Choosing a Formation in Soccer
Formations are the way a soccer team lines up its defense, midfield, and forward line at the beginning of the match. If you want to get technical, you could produce dozens of formations due to the mathematical possibilities and new ways coaches are trying to devise to play the game.
Soccer is a fluid game where a midfielder may become a forward for five or ten minutes and then return to his original position. Or, likewise, a forward can come back to defend.
When talking about formations, defenders are listed first and then midfielders and forward. For example, a 4-4-2 formation has four defenders, four midfielders, and two forwards. Goalkeepers are not counted because they are the one position that has not changed over the years.
Just remember, the best coaches aren’t necessarily ones who devise the best formations, but rather are the ones who devise the best formation for their team to accentuate its strengths and to hide its weaknesses.
In youth soccer, coaches should not introduce tactics until players have truly learned the game — usually around the age of 14. Players need time to develop, breathe, and have fun.
For the beginner, soccer starts out nearly the same. All the players run after the ball or the player with the ball, like bees after honey. Slowly, but surely, they learn to find their own space and spread out across the field.
England used the 4-4-2 formation (see Figure 1) en route to securing its first and only World Cup title in 1966. A forward is moved into the midfield, putting a lot more pressure on the two players up front to score goals. Saying that, the 4-4-2 is one of the preferred formations of today’s modern game. The theory in using another player in the midfield is that it bottles up the opposition in the midfield before they can get to the attacking third.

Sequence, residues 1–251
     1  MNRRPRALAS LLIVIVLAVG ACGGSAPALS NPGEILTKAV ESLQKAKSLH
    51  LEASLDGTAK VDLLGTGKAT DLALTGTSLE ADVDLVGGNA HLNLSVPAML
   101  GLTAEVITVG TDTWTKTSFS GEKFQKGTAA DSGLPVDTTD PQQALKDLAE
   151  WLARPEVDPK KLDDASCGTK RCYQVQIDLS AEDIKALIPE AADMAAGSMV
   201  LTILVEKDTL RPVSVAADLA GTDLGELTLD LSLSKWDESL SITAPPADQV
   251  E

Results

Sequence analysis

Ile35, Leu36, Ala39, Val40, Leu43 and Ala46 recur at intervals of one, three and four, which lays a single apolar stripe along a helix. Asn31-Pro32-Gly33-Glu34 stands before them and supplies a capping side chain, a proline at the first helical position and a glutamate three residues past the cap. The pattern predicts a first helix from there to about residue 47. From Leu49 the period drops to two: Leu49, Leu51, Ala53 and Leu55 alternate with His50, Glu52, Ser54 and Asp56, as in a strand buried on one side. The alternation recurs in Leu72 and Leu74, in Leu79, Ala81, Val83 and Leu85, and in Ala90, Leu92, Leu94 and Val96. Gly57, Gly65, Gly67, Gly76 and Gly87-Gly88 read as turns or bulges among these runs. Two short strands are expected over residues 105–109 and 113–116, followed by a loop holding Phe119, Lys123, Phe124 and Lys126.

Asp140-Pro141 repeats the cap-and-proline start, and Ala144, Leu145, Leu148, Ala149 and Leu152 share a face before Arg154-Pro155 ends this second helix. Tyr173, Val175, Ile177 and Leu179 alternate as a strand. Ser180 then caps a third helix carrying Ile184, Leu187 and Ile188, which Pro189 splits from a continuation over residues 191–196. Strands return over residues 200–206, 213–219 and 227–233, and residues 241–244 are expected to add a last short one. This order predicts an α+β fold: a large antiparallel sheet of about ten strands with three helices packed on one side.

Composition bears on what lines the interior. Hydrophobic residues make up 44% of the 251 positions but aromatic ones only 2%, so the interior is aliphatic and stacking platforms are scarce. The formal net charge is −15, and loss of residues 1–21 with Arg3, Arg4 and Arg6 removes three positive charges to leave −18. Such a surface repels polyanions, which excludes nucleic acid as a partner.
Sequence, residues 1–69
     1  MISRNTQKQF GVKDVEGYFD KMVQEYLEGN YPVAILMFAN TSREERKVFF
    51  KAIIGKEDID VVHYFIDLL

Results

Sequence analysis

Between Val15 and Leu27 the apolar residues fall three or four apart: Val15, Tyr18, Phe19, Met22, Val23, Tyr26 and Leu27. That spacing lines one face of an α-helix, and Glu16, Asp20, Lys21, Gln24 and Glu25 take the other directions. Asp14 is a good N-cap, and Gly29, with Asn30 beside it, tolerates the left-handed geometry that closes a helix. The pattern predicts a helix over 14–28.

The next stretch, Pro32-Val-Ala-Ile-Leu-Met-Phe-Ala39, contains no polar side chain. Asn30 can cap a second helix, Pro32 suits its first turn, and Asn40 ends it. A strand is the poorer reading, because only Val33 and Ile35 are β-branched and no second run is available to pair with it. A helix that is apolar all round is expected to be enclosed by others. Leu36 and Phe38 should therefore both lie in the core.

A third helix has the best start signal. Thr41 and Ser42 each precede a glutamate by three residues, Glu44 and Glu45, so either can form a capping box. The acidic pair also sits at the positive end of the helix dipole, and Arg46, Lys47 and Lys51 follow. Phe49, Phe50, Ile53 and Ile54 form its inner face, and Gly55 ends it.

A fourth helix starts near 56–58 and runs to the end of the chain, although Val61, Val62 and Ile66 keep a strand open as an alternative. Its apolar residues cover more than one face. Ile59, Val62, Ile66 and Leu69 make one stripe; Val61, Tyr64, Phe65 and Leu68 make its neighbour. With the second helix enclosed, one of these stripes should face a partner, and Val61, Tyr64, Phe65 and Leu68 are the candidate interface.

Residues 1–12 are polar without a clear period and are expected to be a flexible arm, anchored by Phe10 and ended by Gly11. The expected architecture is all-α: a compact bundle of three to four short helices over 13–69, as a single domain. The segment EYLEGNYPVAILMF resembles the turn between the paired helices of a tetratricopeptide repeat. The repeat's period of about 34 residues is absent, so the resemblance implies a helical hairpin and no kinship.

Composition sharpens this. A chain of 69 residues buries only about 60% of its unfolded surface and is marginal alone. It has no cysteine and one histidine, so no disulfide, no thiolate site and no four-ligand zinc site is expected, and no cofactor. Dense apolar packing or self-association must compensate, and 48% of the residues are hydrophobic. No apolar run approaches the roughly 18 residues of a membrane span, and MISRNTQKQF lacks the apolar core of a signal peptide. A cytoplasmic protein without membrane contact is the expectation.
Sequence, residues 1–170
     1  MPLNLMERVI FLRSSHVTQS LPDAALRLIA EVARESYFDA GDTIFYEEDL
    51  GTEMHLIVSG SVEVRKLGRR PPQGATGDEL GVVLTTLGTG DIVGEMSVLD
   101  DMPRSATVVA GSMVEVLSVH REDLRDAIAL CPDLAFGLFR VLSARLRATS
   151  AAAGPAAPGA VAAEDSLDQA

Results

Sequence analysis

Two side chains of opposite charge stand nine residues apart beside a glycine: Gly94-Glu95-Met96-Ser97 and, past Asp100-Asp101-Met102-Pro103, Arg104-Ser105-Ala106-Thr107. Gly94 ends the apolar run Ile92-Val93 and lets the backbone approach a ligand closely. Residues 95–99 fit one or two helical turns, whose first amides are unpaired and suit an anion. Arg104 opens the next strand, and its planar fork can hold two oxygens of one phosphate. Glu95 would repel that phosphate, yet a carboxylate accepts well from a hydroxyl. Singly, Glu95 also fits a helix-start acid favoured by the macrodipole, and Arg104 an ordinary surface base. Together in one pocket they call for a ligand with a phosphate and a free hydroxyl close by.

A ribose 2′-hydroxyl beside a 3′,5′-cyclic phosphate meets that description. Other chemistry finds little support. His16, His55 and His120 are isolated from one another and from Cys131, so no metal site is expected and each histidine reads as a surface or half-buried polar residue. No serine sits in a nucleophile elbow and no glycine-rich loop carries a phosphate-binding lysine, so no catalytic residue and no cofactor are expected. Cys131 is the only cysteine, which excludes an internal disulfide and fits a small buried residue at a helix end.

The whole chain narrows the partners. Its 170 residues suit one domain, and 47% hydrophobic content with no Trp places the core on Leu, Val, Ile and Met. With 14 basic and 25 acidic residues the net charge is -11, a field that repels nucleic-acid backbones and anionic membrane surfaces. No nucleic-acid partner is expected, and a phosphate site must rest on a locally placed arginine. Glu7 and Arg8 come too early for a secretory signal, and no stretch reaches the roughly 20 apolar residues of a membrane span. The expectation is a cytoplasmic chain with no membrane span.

This formation is a long shot to use consistently and successfully today because most coaches prefer to use five or even six players in the midfield.
Many North American Soccer League teams used the 4-3-3 formation (see Figure 2) in the 1970s, moving one midfielder up to the forward position. Everything is relative. This formation, which utilized a sweeper (free safety), was considered more defensive than the 4-2-4. But compared to today’s more cautious approach, the 4-3-3 would be considered an attacking formation in some quarters.
The 4-2-4 formation (see Figure 3) is the most offensive-minded in modern times. The 1958 world champions of Brazil, with 17-year-old Pelé, made this strategy famous and made it work. To take advantage of this formation, you must have talented and skillful midfielders and forwards to strike early and hold the ball for long periods of time because the pressure is on the midfield and defense big time when the opposition possesses the ball.
Today’s game is won or lost in the midfield, which is why the 3-5-2 formation (see Figure 4) is popular. A team that doesn’t have its midfield operating at peak efficiency suffers in ball possession and scoring chances. So, many coaches like to use as many as five midfielders, although two outside midfielders may have more defensive responsibilities than their mates.
Many German teams use the 3-6-1 formation (see Figure 5) in road games as they try to clog the opposition up in the midfield, attempting to pull off a tie or a win.
This strategy may be dangerous. Former U.S. national coach Steve Sampson used this formation during the 1998 World Cup and failed miserably. After the team used primarily a 4-4-2 formation, Sampson deployed it some two months before France ’98, and it backfired, producing just one goal in three games.
A coach should not change a team’s formation drastically during a match, particularly for young or inexperienced teams who may get confused. If a team is trailing and trying to tie up the match, taking out a midfielder for a forward works. If a team is leading, replacing a midfielder with a defender and/or a forward with a midfielder are also proper tactical moves.